2 colleges accepted me already but they are not my 1st choice so I'm still waiting it a bit before enrolling, but I'd love to get myself ready to the classes to which I know I might struggle more (ie Math). I was looking at getting in touch with student who took these "mysterious" classes already to know what book they used. Thanks you Saysfaa as your inpunt is going to help me a lot
Good luck to you all
- 1Dec 7, '12 by SaysfaaMost colleges have a section for transfer students which should have a link to a page called "course equivalencies" or some such thing. It will list most of the nearby colleges and clicking on that will bring up what courses are similar enough to transfer as each other. Classes are much more interchangable than they look because if the schools have to meet the requirements of the accreditation organizations.
Otherwise, most schools have very similar requirements for prereqs and general education classes: the freshman English Composition I and English Composition II may be English 101 and 102 at one school and English 21 and 22 at another school and 202 and 204 at a third school but they are the same two classes and all three colleges will list them under their general education requirements or in the freshman years on their "sample schedules" if they have those.
Math 124 might be Intermediate Algebra at one school and College Algebra at another school and Calculus at a third school but College Algebra at one school will be very much the same as College Algebra at another school - it will never be Intermediate Algebra.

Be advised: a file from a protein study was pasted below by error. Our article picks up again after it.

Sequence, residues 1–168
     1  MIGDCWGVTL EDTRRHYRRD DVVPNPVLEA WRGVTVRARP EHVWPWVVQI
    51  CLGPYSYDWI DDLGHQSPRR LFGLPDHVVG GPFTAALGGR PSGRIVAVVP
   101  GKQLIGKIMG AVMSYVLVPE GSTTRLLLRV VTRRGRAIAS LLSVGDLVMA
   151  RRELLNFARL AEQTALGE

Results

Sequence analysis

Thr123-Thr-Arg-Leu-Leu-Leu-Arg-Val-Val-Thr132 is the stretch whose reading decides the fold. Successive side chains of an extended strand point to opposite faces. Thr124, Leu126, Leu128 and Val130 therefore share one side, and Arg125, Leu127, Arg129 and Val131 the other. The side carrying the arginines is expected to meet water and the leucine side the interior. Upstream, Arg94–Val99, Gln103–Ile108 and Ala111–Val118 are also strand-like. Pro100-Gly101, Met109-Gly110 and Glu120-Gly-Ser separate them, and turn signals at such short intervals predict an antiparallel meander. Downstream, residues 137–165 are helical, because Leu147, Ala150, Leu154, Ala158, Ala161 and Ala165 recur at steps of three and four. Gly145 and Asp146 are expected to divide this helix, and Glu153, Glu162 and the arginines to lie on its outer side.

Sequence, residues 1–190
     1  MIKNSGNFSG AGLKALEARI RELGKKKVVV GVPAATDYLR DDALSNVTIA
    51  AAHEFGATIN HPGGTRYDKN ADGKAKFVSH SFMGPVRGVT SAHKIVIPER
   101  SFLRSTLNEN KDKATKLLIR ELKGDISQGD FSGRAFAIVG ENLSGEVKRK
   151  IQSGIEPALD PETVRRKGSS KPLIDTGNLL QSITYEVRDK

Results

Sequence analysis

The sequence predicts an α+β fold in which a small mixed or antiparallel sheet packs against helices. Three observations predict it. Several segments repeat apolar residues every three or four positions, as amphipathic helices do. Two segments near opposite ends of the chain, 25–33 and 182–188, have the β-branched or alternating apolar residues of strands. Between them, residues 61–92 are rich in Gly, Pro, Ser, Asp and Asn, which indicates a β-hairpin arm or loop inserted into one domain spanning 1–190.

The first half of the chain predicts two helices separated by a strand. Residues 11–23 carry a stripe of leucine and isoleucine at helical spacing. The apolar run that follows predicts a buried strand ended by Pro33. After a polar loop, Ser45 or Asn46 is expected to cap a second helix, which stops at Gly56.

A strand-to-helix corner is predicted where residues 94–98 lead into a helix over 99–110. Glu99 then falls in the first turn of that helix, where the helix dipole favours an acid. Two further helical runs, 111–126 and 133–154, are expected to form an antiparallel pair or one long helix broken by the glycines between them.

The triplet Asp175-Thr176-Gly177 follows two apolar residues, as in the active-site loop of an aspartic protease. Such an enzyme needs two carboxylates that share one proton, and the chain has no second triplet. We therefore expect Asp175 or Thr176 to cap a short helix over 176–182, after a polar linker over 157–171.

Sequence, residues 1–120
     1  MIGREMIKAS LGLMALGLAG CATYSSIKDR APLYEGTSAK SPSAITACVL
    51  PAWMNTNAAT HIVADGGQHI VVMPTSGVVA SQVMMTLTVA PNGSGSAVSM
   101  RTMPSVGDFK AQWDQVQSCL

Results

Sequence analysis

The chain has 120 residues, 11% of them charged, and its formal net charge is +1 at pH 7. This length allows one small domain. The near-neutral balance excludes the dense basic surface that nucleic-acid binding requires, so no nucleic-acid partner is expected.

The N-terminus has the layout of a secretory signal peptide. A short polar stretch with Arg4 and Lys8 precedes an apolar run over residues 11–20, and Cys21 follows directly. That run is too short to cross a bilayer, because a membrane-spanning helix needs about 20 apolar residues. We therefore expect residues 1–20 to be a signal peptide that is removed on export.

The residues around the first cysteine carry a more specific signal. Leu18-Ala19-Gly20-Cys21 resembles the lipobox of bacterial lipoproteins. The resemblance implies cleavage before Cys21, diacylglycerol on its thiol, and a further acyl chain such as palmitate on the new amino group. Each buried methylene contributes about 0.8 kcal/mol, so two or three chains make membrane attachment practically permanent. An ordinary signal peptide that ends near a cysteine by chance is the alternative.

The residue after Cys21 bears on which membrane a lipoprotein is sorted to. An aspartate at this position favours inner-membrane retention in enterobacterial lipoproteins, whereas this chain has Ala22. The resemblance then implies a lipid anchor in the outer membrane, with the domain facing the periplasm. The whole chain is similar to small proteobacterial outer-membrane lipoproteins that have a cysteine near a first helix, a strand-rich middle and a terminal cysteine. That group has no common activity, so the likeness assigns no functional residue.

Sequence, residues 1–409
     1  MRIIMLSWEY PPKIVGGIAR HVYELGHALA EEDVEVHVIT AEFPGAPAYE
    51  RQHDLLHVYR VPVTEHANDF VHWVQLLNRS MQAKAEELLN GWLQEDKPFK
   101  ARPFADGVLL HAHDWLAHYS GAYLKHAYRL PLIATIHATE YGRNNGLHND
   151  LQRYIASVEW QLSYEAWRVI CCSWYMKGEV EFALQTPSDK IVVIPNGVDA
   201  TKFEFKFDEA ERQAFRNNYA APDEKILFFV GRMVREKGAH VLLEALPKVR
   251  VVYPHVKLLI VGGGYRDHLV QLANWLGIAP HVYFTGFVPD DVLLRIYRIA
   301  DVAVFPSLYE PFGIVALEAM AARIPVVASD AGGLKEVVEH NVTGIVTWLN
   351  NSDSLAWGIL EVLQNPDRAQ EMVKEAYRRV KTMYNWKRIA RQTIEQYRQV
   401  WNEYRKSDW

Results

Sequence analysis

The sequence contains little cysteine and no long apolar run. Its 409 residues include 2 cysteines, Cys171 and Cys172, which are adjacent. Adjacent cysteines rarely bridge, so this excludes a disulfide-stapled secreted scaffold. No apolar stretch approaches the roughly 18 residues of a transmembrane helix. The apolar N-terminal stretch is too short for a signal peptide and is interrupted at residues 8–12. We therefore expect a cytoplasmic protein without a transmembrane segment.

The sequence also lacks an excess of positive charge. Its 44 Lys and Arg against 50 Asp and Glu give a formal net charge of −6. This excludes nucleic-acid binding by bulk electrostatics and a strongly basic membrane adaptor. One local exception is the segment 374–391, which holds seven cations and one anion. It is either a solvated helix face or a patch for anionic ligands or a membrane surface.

Physics comes in two versions: algebra based and calculus based. They are not interchangable and you can't always tell which is which by the name, you need to read the course descriptions or check the course equivalencies.
"Survey of" means it is a very basic overview of the subject. "Principals of" is a more rigorous class, covering more information and in greater depth than "Survey of" but not as much or as in depth as "General" - usually. Those three are usually used for classes in subject that are often required in a overview form for majors not in that subject as part of the broad base of knowledge but also in a rigorous form by the majors of that subject. Chemistry, Biology, and Economics are often this way.
A&P might be offered as two classes: an Anatomy class and a Physiology class or as two classes: an A&P I class and an A&P II class. But at the end of either set, you will have covered the same things. Look out of classes offered as A&P with no I or II with them and that add up to less than 8 credits. They may or may not be in depth enough.
Microbiology that is required by the Nursing program at one school is almost certainly the same microbiology that is required by the nursing program of another school.
Statistics is the least standard, at least as far as the name compared to the content.
Oh, and all of this is to give you a start.... it is rare to find a college that doesn't reserve the right to have the final say despite what the websites say about transfer credit or what the course descriptions say.Last edit by Saysfaa on Dec 7, '12 : Reason: clarification of a point